Antidepressant Treatment of Melancholia in Late Life

This study has been completed.
Sponsor:
Information provided by:
National Institute of Mental Health (NIMH)
ClinicalTrials.gov Identifier:
NCT00000378
First received: November 2, 1999
Last updated: September 23, 2008
Last verified: September 2008
  Purpose

The purpose of this study is to compare the safety and effectiveness of a select serotonin re-uptake inhibitor (SSRI, sertraline) and a tricyclic antidepressant (TCA, nortriptyline) in outpatients over the age of 60 who have major depression.

SSRIs are effective in the treatment of major depression. However, there is also evidence that SSRIs may be significantly less effective than TCAs for patients with late-life major depression with melancholia. Since SSRIs seem to be easier to take than TCAs and are more widely prescribed, it is important to determine which of these types of antidepressants works best to treat these patients.

Patients will be assigned randomly to receive either sertraline (a SSRI) or nortriptyline (a TCA) for 12 weeks. Patients will be monitored for symptoms, side effects, and quality of life. If a patient responds to treatment, he/she will participate in a 6-month continuation phase in which he/she will continue to receive the same medication.

An individual may be eligible for this study if he/she:

Has unipolar major depression (with some exceptions) and is over 60 years old.


Condition Intervention
Depression
Melancholia
Drug: Sertraline
Drug: Nortriptyline

Study Type: Interventional
Study Design: Allocation: Randomized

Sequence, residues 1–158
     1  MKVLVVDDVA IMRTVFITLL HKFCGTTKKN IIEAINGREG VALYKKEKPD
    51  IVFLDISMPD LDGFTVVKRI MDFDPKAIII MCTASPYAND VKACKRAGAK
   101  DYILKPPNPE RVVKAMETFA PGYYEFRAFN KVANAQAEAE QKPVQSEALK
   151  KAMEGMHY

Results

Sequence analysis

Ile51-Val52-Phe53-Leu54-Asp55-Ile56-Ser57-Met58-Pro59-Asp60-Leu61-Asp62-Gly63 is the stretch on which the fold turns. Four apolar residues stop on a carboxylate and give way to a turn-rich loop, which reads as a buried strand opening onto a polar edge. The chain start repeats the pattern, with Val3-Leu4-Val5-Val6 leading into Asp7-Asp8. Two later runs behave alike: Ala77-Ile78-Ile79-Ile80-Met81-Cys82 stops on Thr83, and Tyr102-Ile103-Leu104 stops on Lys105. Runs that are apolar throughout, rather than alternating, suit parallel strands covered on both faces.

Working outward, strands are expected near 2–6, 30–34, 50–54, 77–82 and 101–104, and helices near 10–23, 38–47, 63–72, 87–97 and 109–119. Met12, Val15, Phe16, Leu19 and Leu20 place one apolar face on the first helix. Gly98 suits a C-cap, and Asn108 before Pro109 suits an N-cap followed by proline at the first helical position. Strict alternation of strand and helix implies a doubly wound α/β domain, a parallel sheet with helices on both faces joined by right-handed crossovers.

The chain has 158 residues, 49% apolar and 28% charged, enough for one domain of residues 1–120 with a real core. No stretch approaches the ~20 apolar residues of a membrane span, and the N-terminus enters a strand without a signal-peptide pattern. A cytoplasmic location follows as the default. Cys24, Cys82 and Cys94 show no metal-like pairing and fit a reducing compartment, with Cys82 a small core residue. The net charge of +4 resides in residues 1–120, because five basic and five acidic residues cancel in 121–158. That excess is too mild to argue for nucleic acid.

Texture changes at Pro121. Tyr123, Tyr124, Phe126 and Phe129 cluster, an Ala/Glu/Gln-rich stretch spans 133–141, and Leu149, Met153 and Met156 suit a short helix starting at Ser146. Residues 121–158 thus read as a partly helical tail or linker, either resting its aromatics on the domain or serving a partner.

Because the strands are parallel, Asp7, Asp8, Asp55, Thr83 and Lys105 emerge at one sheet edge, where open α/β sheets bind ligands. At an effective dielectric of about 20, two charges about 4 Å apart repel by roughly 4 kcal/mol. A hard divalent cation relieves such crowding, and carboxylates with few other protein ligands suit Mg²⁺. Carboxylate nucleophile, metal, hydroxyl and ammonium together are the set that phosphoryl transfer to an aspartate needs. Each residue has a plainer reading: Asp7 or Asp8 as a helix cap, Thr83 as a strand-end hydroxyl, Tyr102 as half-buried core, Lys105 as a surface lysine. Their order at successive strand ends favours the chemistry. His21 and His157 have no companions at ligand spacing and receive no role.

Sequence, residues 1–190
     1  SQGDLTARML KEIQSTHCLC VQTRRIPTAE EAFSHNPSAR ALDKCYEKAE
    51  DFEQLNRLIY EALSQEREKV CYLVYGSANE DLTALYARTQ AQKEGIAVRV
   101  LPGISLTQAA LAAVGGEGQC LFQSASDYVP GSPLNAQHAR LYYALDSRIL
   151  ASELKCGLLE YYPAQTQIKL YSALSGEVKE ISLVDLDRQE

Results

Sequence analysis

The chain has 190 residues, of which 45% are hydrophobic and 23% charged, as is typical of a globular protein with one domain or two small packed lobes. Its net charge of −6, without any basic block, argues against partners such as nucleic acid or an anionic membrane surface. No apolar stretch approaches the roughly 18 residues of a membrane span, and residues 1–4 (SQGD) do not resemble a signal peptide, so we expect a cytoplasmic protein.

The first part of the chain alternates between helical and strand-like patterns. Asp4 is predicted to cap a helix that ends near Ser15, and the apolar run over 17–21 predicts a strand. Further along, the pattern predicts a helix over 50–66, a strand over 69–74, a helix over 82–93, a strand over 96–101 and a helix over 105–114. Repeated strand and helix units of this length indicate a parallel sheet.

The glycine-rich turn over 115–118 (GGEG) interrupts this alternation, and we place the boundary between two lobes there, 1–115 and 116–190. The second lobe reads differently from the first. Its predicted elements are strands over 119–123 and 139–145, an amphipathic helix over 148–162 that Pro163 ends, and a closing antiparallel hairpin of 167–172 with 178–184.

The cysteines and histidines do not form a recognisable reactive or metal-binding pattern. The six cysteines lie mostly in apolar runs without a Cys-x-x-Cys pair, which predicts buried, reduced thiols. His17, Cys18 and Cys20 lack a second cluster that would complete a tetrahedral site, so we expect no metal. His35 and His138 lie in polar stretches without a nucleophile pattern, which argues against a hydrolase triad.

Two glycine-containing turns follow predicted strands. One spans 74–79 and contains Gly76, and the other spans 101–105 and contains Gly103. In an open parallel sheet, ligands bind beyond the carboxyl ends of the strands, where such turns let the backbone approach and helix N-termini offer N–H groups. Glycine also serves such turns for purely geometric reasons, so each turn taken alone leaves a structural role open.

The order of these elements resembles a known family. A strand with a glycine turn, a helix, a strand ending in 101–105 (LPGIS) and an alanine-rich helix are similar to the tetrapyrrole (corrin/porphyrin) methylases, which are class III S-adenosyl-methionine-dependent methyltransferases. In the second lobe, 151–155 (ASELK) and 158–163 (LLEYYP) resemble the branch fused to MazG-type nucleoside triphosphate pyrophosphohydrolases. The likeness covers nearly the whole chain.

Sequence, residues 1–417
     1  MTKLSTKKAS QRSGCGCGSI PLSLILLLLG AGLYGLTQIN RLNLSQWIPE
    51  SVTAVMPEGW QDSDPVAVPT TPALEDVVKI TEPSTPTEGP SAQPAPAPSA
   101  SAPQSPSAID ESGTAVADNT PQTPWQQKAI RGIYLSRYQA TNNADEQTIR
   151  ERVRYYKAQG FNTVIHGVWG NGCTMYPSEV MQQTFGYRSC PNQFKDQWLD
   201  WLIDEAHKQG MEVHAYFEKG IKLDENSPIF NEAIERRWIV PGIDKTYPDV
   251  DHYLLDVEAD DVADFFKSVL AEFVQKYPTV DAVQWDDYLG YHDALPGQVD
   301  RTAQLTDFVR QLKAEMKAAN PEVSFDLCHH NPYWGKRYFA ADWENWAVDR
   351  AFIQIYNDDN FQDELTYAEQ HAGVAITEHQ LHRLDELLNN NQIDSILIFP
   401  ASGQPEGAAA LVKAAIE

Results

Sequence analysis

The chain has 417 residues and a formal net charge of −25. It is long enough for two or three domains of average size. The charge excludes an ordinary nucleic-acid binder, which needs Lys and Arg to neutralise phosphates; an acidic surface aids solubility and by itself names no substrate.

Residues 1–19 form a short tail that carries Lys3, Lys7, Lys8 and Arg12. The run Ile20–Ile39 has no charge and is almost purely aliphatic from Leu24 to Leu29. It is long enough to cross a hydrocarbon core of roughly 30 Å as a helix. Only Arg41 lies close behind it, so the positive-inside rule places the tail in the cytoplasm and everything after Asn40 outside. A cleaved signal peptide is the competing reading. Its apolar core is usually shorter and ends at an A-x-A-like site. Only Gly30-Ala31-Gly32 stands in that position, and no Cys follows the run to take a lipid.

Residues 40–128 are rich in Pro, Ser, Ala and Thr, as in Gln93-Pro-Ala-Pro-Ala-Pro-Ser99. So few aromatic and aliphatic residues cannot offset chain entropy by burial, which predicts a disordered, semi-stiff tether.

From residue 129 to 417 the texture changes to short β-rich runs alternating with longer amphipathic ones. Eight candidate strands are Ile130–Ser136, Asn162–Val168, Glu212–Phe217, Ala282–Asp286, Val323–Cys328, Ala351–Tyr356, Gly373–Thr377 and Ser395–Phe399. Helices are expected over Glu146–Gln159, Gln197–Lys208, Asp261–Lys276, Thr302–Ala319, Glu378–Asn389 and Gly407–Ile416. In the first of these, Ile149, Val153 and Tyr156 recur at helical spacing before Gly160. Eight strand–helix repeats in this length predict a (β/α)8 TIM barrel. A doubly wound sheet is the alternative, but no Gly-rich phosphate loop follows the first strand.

Intervention Model: Parallel Assignment
Masking: Double-Blind
Primary Purpose: Treatment

Resource links provided by NLM:


Further study details as provided by National Institute of Mental Health (NIMH):

Study Start Date: July 1997
Estimated Study Completion Date: June 2002
Detailed Description:

To compare the efficacy and safety of a select serotonin re-uptake inhibitor (SSRI, sertraline) and a tricyclic antidepressant (TCA, nortriptyline) in outpatients over the age of 60 who meet DSM-IV criteria for unipolar major depression, excluding patients who meet criteria for psychotic or atypical subtype. To test the hypothesis that medication condition interacts with diagnostic subtype (melancholic vs non-melancholic) in determining antidepressant response. To examine the roles of symptom severity and alternative diagnostic subtyping in contributing to this pattern.

SSRIs are effective in the treatment of major depression. However, there is also evidence that SSRIs may be significantly less effective than TCAs for depressed patients with melancholia. This issue is of particular concern in late-life major depression. SSRIs have important safety advantages with respect to overdose and a benign cardiovascular profile. Furthermore, the SSRIs do not have significant anticholinergic effects, and appear to be better tolerated than the TCAs. Perhaps most important, the SSRIs currently are prescribed widely as the medication treatment of first choice for major depression in late life. Therefore, if it were determined that SSRIs are considerably less effective than TCAs in the treatment of melancholia in the elderly, there would be significant ramifications for clinical practice.